1911 Encyclopædia Britannica/Cap Haitien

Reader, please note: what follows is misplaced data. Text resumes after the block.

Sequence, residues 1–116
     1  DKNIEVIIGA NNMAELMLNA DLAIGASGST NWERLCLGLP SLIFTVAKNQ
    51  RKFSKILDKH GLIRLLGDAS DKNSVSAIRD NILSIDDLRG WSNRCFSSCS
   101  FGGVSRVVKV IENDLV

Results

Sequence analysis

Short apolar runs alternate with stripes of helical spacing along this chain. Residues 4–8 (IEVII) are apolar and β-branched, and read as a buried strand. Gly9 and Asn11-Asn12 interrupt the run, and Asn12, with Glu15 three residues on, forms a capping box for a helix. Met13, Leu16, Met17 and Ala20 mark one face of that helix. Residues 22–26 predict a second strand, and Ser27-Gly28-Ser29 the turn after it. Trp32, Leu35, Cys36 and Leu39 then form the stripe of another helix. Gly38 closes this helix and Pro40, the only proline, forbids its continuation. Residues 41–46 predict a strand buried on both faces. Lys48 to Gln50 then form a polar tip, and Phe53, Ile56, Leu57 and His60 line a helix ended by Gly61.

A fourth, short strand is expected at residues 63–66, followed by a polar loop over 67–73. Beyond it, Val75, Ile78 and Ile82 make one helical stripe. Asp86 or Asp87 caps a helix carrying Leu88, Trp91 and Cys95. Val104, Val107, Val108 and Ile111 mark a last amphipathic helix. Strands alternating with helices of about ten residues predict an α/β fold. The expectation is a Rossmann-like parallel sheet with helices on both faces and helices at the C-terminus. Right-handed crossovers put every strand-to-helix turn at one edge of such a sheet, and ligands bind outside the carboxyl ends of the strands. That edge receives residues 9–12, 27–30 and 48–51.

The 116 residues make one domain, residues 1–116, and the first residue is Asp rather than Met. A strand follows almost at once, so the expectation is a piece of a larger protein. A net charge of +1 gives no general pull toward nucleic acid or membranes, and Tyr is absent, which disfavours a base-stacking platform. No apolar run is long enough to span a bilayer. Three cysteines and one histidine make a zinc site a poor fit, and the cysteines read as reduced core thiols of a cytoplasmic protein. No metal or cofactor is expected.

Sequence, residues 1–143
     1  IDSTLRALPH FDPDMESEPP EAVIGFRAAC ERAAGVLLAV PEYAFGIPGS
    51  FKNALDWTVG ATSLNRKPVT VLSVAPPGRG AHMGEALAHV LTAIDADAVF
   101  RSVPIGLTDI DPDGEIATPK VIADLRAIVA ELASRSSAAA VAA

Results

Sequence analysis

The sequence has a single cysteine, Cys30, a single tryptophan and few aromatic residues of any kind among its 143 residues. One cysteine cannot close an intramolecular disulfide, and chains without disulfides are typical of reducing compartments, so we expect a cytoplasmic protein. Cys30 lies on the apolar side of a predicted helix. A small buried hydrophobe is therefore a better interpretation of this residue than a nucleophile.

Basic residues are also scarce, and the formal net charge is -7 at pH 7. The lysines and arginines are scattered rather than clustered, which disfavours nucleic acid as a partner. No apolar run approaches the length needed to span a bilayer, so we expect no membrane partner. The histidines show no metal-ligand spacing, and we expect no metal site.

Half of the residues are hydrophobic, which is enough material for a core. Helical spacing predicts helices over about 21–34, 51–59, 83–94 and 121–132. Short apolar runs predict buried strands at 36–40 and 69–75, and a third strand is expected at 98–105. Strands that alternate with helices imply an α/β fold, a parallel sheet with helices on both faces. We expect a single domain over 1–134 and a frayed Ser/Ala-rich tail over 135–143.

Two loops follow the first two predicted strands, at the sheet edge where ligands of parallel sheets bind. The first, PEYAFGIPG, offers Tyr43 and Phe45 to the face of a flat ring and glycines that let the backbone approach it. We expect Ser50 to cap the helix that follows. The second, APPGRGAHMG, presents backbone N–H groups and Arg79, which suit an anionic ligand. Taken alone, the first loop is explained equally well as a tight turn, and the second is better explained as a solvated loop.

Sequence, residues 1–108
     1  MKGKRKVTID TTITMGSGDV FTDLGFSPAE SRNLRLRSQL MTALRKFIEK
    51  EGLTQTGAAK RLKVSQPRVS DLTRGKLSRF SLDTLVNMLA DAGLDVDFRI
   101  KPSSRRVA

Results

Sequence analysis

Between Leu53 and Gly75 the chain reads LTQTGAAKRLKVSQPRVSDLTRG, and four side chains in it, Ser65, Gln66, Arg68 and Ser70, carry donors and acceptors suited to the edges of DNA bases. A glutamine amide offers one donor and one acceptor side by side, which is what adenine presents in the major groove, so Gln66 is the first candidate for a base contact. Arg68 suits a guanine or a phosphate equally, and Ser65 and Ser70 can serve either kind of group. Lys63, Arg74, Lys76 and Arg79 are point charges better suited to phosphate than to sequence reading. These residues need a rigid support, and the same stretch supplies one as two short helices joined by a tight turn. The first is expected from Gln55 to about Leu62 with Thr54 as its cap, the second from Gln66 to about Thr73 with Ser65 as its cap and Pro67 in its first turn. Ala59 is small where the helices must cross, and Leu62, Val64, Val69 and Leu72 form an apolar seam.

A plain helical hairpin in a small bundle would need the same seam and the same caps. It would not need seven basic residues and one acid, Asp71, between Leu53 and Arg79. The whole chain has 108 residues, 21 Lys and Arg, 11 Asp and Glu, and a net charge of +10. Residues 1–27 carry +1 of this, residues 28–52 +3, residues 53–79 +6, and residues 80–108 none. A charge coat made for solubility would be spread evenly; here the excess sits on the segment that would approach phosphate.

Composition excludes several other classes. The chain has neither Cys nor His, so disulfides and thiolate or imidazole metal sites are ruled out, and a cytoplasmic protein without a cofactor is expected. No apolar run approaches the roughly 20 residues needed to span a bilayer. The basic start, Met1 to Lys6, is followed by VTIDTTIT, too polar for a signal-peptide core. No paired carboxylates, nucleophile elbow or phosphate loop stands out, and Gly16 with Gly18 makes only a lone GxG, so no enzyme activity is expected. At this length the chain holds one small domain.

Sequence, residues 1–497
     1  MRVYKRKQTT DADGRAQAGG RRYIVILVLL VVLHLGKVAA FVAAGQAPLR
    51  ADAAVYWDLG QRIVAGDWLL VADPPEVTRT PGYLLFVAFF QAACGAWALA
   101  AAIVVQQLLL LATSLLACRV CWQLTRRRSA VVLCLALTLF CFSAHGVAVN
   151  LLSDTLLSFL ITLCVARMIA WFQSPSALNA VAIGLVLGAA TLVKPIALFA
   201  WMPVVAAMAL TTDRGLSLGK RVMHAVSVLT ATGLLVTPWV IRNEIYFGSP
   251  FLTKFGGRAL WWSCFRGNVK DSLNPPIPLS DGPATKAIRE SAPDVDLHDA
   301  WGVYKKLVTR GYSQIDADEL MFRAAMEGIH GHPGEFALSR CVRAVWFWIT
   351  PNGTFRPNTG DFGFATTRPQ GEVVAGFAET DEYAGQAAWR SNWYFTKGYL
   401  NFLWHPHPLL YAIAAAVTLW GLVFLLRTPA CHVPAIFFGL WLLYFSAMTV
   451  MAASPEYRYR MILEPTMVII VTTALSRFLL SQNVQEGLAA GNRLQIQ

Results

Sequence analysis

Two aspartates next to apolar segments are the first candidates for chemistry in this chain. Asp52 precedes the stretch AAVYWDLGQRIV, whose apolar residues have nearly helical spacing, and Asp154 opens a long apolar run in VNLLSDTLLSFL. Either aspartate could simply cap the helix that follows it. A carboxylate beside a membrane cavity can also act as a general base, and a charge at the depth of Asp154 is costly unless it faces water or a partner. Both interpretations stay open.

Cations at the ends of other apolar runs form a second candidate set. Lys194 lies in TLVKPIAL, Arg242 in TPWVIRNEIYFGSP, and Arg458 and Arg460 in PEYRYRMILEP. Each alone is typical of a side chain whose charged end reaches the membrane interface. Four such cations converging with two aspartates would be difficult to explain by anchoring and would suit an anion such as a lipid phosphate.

CAP HAITIEN, Cape Haïtien or Haytien, a seaport of Haiti West Indies. Pop. about 15,000. It is situated on the north coast, 90 m. N. of Port au Prince, in 19° 46′ N. and 72° 14′ W. Its original Indian name was Guarico, and it has been known, at various times, as Cabo Santo, Cap Français and Cape Henri, while throughout Haiti it is always called Le Cap. It is the most picturesque town in the republic, and the second in importance. On three sides it is hemmed in by lofty mountains, while on the fourth it overlooks a safe and commodious harbour. Under the French rule it was the capital of the colony, and its splendour, wealth and luxury earned for it the title of the “Paris of Haiti.” It was then the see of an archbishop and possessed a large and flourishing university. The last remains of its former glory were destroyed by the earthquake of 1842 and the British bombardment of 1865. Although now but a collection of squalid wooden huts, with here and there a well-built warehouse, it is the centre of a thriving district and does a large export trade. It was founded by the Spaniards about the middle of the 17th century, and in 1687 received a large French colony. In 1695 it was taken and burned by the British, and in 1791 it suffered the same fate at the hands of Toussaint L’Ouverture. It then became the capital of King Henri Christophe’s dominions, but since his fall has suffered severely in numerous revolutions.